There happened to be a lot of people interested in seeing Jesus, and Zacchaeus “was little of stature.” A short person in those days would have been less than five feet tall.
Zacchaeus was a wee little man
And a wee little man was he.
In order to see Jesus, he did two embarrassing things for a man in those days to do. First, “he ran.” A dignified man, like the chief of tax collectors, would not do such a thing.
Second, he “climbed up into a sycomore tree” in order to see Jesus. A “sycomore tree” was a short, squat tree that was easy to climb.
These would have been things—running and climbing trees—that a kid would do, but not a man—it would not be dignified or proper. But to Zacchaeus, he did not care about man’s opinion. He did what he needed to do in order to see Jesus, even if it meant embarrassing himself.
Are you willing to do what you need to do to see Jesus? To follow him? Are you willing to be embarrassed for his sake?
1) Have you been holding off receiving Jesus as your Savior because you are afraid what your family or friends might think?
Don’t let the prideful fear we call embarrassment keep you from making the most important decision that a person can ever make. Take Jesus as your Savior today—right this minute.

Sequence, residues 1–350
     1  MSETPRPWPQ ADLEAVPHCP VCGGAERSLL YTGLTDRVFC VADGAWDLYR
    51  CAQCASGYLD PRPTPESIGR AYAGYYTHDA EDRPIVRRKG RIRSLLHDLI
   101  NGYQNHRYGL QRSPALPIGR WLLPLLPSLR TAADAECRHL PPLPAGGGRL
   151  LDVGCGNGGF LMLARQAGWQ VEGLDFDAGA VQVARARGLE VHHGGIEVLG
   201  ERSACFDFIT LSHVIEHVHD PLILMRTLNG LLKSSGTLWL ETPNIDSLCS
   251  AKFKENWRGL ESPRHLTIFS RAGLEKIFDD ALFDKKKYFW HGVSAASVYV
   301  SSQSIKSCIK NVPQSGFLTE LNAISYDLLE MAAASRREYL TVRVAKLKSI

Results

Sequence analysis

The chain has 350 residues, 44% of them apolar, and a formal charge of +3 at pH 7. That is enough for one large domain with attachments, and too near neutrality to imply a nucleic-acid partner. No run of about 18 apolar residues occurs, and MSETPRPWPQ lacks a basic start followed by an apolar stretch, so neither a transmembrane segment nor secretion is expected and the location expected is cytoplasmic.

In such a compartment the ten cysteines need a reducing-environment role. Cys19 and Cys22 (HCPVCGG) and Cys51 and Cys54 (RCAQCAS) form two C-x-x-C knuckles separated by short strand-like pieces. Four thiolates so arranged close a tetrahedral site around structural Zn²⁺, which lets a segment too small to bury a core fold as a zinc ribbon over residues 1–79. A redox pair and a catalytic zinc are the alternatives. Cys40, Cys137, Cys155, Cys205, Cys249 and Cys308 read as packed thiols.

All you need to do is to recognize that you are a sinner, that you aren’t good enough for God to let you into Heaven. Then you trust in Christ to save you. Embarrassing? Quite so. But it’s absolutely the best thing you can do.
2) Are you a Christian, but you are embarrassed about being a witness? Do you even avoid praying for your meal in restaurants because you fear what others will think?
Be like Zacchaeus, climb a tree and go out on a limb for Jesus!
Coming to Jesus, whether to be saved or as a saved believer, may be embarrassing. A second lesson we learn from Zacchaeus is that…
COMING TO JESUS CHANGES A PERSON
Zacchaeus may not have known it, but he was going to do more than sit in a tree and see Jesus. Jesus was going to see him and change his life.
Luke 19:5 And when Jesus came to the place, he looked up, and saw him, and said unto him, Zacchaeus, make haste, and come down; for to day I must abide at thy house.
Jesus invited himself to Zacchaeus’ house! It’s pretty easy for us to overlook how radical what Jesus did is here. Even today, it’s not considered very polite to invite oneself to another’s home. In that culture it was considered even more improper to do so.
Did Zacchaeus accept the backwards invitation?
Luke 19:6 And he made haste, and came down, and received him joyfully.
We’ve already mentioned that Zacchaeus was in no way liked by his fellow citizens. Not only was he a tax collector for the great enemy, the Romans, he was also ripping people off and cheating them out.
It’s no surprise that they grumble at Jesus going to Zacchaeus’ house:
Luke 19:7 And when they saw it, they all murmured, saying, That he was gone to be guest with a man that is a sinner.